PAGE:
The American flag appears to wave in the lunar wind. This effect, which was done purposely as to not allow the flag to just hang flat, it was created by inserting a stiff wire into the fabric. The "flutter" was created as the astronauts worked to erect the flag.
Share30 Shares 24K The theory that the moon landings were hoaxed by the US government to assert their victory in the space race over Russia, is something which has grown in popularity over time. In this list I have presented some of the proposed evidence to suggest that the moon landings were hoaxes.
Photos of the landing also seem to show rippling in a breeze, such as the image above which clearly shows a fold in the flag. Countless explanations have been put forward to disprove this phenomenon as anything unusual: NASA claimed that the flag was stored in a thin tube and the rippled effect was caused by it being unfurled before being planted.
Other explanations involve the ripples caused by the reaction force of the astronauts touching the aluminum pole, which is shown to shake in the video footage.
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On any video footage or photograph of the landings, no crater is visible, almost as though the module was simply placed there. Much like the waving flag theory, however, the lack of an impact crater has a slew of potential explanations. NASA maintains that the module required significantly less thrust in the low-gravity conditions than it would have done on Earth.
But this was not the case during the moon landing: Conspiracy theorists suggest that this must mean multiple light sources are present -suggesting that the landing photos were taken on a film set.
This explanation has been tossed out the window by some theorists; how could hills cause such large angular differences? The Apollo missions to the moon marked the first ever attempts to transport living humans through the belt. Conspiracy theorists contend that the sheer levels of radiation would have cooked the astronauts en route to the moon, despite the layers of aluminum coating the interior and exterior of the spaceship.
NASA have countered this argument by emphasizing the short amount of time it took the astronauts to traverse the belt — meaning they received only very small doses of radiation. The object appears to be hanging from a rope or wire and has no reason to be there at all, leading some to suggest it is an overhead spotlight typically found in film studios.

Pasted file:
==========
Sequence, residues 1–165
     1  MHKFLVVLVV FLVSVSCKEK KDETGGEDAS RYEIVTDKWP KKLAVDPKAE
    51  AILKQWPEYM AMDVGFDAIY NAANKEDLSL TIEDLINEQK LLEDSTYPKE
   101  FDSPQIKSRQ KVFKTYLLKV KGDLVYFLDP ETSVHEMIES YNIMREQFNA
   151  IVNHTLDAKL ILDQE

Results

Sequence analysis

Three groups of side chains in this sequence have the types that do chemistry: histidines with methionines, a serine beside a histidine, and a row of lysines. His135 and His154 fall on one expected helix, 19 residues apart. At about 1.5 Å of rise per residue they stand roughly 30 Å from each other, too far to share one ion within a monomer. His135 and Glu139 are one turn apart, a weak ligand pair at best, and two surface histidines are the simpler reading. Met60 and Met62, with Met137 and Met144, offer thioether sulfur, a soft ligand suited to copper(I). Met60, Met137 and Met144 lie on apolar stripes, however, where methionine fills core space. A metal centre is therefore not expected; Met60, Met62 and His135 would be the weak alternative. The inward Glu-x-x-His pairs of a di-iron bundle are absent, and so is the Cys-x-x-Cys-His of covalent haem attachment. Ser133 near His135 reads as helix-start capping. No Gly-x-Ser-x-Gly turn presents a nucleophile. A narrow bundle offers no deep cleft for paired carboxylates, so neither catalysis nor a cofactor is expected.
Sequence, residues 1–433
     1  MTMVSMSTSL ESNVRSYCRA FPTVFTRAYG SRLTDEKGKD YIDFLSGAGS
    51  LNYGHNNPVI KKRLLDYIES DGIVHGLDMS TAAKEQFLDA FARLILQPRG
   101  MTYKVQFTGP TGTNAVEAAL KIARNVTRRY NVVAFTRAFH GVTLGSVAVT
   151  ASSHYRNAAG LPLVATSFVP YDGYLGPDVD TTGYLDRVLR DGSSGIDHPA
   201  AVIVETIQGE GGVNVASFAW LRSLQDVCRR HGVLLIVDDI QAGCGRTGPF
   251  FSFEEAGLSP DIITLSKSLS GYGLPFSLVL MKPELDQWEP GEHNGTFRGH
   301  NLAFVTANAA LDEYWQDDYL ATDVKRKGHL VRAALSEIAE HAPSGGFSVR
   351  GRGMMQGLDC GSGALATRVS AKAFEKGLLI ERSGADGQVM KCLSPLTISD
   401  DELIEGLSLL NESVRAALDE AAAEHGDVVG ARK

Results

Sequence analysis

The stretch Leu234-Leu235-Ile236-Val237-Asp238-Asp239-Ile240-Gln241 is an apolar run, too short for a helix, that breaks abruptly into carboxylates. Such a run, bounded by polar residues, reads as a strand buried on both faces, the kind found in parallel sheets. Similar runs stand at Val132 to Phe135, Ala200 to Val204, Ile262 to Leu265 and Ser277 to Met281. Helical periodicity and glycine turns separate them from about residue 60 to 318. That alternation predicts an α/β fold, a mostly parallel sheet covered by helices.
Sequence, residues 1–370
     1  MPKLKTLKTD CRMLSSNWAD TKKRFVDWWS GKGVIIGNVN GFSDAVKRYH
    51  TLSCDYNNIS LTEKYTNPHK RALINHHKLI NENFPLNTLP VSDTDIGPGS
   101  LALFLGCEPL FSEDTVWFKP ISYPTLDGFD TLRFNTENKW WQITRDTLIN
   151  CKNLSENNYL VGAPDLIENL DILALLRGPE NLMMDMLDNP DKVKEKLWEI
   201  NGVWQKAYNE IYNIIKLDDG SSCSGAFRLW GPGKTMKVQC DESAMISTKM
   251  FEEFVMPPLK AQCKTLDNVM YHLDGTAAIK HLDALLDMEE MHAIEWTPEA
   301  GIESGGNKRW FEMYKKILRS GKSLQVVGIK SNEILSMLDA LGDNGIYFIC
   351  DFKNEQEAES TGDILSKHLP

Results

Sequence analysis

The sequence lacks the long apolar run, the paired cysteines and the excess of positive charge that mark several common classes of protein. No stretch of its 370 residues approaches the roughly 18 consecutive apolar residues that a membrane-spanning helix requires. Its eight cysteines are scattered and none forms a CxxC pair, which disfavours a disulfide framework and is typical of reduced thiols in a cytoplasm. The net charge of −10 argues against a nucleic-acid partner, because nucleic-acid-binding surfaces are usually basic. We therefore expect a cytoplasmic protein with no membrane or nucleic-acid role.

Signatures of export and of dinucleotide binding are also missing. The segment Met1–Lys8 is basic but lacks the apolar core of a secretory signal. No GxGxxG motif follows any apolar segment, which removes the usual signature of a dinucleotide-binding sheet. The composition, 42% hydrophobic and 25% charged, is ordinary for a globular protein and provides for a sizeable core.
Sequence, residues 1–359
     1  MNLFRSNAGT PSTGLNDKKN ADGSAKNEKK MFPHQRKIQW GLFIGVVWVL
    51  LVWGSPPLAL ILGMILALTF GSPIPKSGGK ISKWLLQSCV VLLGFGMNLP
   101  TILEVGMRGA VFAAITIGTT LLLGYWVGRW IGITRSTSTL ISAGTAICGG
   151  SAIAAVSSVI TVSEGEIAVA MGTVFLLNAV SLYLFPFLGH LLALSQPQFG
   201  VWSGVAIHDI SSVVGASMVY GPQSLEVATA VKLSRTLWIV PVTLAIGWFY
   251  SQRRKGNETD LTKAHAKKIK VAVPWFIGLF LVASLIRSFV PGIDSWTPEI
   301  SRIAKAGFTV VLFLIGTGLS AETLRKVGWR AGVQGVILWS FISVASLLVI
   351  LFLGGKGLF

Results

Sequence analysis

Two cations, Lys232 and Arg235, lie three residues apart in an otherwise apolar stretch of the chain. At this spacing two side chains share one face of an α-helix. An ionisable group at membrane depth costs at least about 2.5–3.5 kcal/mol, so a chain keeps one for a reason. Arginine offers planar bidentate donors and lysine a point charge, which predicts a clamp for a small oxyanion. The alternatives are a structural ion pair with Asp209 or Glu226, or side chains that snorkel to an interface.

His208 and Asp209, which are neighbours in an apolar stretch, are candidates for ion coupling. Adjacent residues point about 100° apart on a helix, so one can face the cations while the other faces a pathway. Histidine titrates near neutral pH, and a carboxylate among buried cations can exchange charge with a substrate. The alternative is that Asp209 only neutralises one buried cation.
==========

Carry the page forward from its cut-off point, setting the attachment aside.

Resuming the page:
The resemblance is questionable, given the poor quality of the photograph, but the mystery remains as to why something is being suspended in mid-air or rather lack of air on the moon.
The lunar module in other photos appears to have no extension from it that matches the photo, so the object still remains totally unexplained. It has been suggested that if you take the moon landing footage and increase the speed of the film x2.
In some screenshots outlines of alleged hidden cables can be seen the photograph above supposedly shows a wire, though it is extremely vague. The argument here is that NASA would have found it impossible to map out the exact locations of all stars for the hoax without being rumbled, and therefore left them out — intentionally falling back on an excuse that the quality of the photographs washes them out an excuse they did actually give.
Some photographs are high-quality, however, and yet still no stars are shown.Faking a moon landing is not a trivial matter; it not only requires massive resources, and technical prowess, but also the trust of a large number of people who would be .
Almost 50 years after man walked on the moon, the “giant leap for mankind” is under the microscope once again—with conspiracy theorists convinced they have proof one of the moon landings was. On 20 July Apollo 11 landed on the Moon.
However, some people insist that the United States faked the landing in film studios here on Earth. They argue that photos of the mission aren't real. The “moon landing hoax” was among the first conspiracy theories to gain traction with the American public. In the years since, the theories have multiplied like jack rabbits, swarming all.
Moon Landing Faked!!!—Why People Believe in Conspiracy Theories. New psychological research helps explain why some see intricate government conspiracies behind events like 9/11 or the Boston bombing. NASA Apollo moon missions really did land 12 astronauts on the lunar surface in the s and s, but that hasn't stopped conspiracy theories from flying.
See the top 10 Apollo moon hoax claims.